On Chase, Preaching and Other Signs of Light

As I continue on the road to recovery, there have been a couple bright spots that I thought would be worth mentioning here. You never can tell what is really going to be important to you somehow.

Chase
For my children, the mark of my illness and recovery is very simple. Chase. If I can play chase, I must be getting better. If I can’t play chase, then I’m still sick in the head (or something to that effect). Because right now the hardest thing for me to handle is my children, chase sort of represents a reentry into my family’s regular life schedule.

Chase is hard. I know, I know. It’s just running around like a crazy person with a few kids. But for the person suffering from depression, that kind of unwanton abandon, noise, suddon movement and general insanity is way outside of the normal comfort zone. It requires energy, excitement, the ability to say BOO at just the right time, etc.

In other words, just about everything that is difficult, all wrapped up in something that is so easy that most people do it even without thinking. But that is so often the case with depression. Things that you believe should be easy can become difficult on the way to impossible.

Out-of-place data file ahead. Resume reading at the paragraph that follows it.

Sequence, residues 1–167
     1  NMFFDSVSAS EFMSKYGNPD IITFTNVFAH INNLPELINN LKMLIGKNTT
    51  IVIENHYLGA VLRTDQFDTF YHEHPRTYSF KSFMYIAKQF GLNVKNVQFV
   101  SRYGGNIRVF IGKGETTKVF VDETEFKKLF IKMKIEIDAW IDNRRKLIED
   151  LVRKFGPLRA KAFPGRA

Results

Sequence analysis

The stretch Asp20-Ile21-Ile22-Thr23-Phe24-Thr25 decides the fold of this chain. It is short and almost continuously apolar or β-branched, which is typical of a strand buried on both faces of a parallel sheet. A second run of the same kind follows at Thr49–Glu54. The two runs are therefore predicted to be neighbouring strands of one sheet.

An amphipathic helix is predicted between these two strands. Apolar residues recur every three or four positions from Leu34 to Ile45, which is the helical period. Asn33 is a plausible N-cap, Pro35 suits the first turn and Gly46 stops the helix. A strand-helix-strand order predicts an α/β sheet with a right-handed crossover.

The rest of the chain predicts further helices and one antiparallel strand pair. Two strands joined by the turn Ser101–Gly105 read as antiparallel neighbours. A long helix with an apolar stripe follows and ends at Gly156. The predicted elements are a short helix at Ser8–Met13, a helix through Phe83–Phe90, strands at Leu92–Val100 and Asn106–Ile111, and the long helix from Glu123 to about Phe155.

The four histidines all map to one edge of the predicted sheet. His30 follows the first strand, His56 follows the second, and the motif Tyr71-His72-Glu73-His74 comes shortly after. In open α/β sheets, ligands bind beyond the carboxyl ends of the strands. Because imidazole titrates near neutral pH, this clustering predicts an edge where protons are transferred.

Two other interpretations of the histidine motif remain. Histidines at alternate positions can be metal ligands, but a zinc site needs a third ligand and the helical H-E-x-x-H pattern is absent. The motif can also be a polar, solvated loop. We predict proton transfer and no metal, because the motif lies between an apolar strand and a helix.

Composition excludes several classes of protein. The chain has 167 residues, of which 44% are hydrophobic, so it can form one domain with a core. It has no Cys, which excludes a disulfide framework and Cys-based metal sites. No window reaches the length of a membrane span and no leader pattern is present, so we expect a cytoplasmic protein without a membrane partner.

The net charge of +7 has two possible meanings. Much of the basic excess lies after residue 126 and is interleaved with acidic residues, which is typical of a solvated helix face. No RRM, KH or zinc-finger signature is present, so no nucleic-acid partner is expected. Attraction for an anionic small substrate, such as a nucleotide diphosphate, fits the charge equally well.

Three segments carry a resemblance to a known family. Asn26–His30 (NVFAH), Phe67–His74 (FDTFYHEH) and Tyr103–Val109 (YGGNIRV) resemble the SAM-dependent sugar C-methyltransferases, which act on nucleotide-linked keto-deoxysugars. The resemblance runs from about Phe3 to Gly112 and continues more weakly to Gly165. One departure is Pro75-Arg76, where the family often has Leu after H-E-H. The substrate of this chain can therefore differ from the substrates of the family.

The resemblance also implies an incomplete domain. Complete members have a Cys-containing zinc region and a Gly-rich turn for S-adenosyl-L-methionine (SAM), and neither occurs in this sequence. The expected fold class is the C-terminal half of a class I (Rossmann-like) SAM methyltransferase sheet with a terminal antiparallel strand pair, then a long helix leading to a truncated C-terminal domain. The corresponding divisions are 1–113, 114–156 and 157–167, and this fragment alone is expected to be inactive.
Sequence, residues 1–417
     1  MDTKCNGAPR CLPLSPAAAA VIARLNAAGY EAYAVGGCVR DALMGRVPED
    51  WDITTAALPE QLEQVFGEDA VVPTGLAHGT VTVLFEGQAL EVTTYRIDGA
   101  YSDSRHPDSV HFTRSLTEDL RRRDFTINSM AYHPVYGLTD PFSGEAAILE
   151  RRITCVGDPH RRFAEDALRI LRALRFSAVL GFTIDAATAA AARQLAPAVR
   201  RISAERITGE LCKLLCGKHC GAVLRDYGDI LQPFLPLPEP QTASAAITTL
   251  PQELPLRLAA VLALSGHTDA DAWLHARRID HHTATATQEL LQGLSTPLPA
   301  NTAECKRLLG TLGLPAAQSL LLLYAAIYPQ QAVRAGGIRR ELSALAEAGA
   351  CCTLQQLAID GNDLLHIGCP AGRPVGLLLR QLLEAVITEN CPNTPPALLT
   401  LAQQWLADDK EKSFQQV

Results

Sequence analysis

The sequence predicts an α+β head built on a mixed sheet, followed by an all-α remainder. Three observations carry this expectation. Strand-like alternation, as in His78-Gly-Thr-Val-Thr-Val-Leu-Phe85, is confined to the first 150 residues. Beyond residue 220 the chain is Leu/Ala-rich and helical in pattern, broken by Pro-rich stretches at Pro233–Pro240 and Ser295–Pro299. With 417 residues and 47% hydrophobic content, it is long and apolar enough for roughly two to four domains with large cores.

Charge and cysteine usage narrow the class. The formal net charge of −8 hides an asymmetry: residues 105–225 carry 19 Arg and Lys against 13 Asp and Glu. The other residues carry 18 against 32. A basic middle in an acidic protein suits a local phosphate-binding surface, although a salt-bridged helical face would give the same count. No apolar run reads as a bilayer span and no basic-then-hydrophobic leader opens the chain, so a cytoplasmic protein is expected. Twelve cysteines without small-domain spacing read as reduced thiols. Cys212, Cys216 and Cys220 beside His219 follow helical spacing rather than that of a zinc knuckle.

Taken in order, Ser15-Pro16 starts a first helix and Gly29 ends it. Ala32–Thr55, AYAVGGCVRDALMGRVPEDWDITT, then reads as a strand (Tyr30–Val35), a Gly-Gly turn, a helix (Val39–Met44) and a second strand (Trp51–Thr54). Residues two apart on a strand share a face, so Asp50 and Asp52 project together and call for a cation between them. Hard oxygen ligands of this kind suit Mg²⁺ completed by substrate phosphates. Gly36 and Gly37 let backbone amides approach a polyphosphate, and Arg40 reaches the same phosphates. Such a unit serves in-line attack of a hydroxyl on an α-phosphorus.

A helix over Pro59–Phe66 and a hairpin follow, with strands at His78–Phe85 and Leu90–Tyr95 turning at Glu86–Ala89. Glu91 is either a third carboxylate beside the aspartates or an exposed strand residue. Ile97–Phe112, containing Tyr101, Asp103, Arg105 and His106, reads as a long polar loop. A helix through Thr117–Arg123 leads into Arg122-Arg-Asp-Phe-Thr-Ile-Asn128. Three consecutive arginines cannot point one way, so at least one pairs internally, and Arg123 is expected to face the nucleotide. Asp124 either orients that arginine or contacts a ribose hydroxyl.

I think I’ve played chase once in the last year. This is down from at least once a day, maybe more. The once was last week. If we can move to once a week, that will be a huge step in the right direction

Preaching and Preparation
I’ve been preaching more and more the last couple months. Right now I’m pretty close to every week. Most of the sermons have been reruns, or last-minute throw together jobs. They were not my best were, or if they were, they were my best work from 2-5 years ago.

But last week was the first week that I had “normal” preparation for my sermon. Look at the text early in the week, read patristic and Luther sermons, see if there’s anything worthwhile that’s modern, and then write it down early enough in the week so I have time to edit it. Something like that. This happened last week. I don’t really even know why, it just did. So my Sermon on Sunday was much more relaxed, more “normal” for me. The congregation probably couldn’t tell the difference, but I could. It was a good sign.

Here are some questions for you:
1) What have you found the most difficult thing to come back to doing?
2) What made or is making it the most difficult?
3) What has been the easiest part of your life to return to “normal” and why?
4) What will never be the same?

Food for thought,
-DMR

0 thoughts on “On Chase, Preaching and Other Signs of Light”

  1. The hardest things to come back to are the long-term never-ending projects: teaching math to an LD kid, or doing the homeschooling for years of college-prep work with teens. The easiest things to come back to are the ones that are most physiologically pressing: getting dinner ready, or washing the clothes that stink. The other easy projects are the limited ones: the ones that need to be done just once and stay done, or that take only a couple of hours. Those easy ones (that get done and stay done!) also give the feeling of accomplishment so I have some incentive to get something else done.

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Your email address will not be published. Required fields are marked *